Imagine a construction project in India implemented for an American client. The project has been estimated, priced and initiated although no building blue prints were produced. The client has never visited the construction site, nor has he met the project manager or any of the construction staff. The client has not yet firmly decided whether to build a residential tower or a shopping mall. In a regular weekly phone conversation, the Indian project manager generally reports that the project is progressing exactly on schedule. The workers’ field of vision is restricted to the particular wall being built at the moment. After construction actually began, the floor structure was built using asbestos, but as work progressed it was switched to an innovative structural system based on the use of feather-weight cardboard panels. Would you want to buy an apartment (or shop) in this project?

Offshore outsourcing for software development is one of the most challenging fields handled by offshore outsourcing providers. Much has been written about the challenges involved in a software development process conducted by a third party contractor operating in another country. To be fair, the crux of the problem is largely in the software development process itself, which is essentially an art rather than a science.

Everything may look fine and complete on paper with most of the development process based on the Waterfall model. The project plan covers requirements analysis, software design, development, testing & quality assurance, integration, application and maintenance in a linear streamlined process. However, in reality much is lacking. The analysis of requirements is commonly inadequate. Furthermore, the market is very dynamic and requirements that were valid three months before are now irrelevant due to changing market conditions, constant technological change and new versions released by competitors. Moreover, the critical problem is that the client’s feedback to the delivered products generally results in change requests and often also in regression to the requirements analysis phase. In the development phase, developers often return to the design phase and even to the requirements analysis phase. That is common experience.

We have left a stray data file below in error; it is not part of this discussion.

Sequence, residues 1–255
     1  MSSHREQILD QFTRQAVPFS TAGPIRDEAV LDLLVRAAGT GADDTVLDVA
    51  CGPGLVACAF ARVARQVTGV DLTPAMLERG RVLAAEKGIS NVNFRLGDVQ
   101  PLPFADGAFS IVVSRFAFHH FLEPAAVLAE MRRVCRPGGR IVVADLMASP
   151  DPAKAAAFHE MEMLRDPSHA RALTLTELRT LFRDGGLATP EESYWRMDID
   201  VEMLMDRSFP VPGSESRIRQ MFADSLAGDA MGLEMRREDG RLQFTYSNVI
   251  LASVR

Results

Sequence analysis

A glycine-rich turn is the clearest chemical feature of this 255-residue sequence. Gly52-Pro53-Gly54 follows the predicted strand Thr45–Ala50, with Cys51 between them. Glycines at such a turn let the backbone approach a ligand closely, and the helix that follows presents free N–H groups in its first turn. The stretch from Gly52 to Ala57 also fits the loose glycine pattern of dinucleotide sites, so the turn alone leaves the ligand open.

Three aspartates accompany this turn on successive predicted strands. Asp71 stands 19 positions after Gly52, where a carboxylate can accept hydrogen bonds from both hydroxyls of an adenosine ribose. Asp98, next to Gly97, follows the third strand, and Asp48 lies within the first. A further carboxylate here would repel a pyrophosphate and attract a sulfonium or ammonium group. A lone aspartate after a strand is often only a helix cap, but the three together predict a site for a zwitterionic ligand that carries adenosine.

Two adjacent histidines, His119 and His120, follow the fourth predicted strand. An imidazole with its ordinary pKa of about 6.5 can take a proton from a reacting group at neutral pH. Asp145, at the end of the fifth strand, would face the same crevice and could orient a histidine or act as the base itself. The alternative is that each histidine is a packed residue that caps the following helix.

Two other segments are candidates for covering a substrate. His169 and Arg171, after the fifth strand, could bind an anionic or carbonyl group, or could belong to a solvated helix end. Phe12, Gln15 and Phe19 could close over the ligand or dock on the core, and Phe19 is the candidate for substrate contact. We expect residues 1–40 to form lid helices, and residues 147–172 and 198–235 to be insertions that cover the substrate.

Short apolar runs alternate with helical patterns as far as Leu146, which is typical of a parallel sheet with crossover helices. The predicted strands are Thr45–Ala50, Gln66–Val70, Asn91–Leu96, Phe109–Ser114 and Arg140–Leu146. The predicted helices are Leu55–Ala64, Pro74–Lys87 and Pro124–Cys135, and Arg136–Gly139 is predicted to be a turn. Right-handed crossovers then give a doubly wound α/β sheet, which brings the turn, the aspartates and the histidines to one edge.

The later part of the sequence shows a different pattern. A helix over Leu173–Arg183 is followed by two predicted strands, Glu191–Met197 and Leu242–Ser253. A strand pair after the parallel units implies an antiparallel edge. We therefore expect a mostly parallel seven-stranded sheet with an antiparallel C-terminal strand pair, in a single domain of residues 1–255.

These problems are accentuated when the work is done by a foreign outsourcing contractor operating in another country. In this context, a “broken telephone” syndrome is experienced due to geographic distance and mentality differences. Let’s face it, people who see each other in the flesh communicate a lot better. As an example, in Hindi, “no problem” means that “there is a major problem but you are the customer and I cannot disagree”. On the surface, the combined effects of the inherent problems in the development process subject to the offshore-related “broken telephone” syndrome seem to be insoluble.

Yet there are signs that there is a way to efficiently outsource software development projects to an offshore provider. When Offshore Outsourcing meets Agile development methodologies things look different.

In the followoing posts I will describe how we, at Ignite, utilize Agile development methodology to leverage offshore development.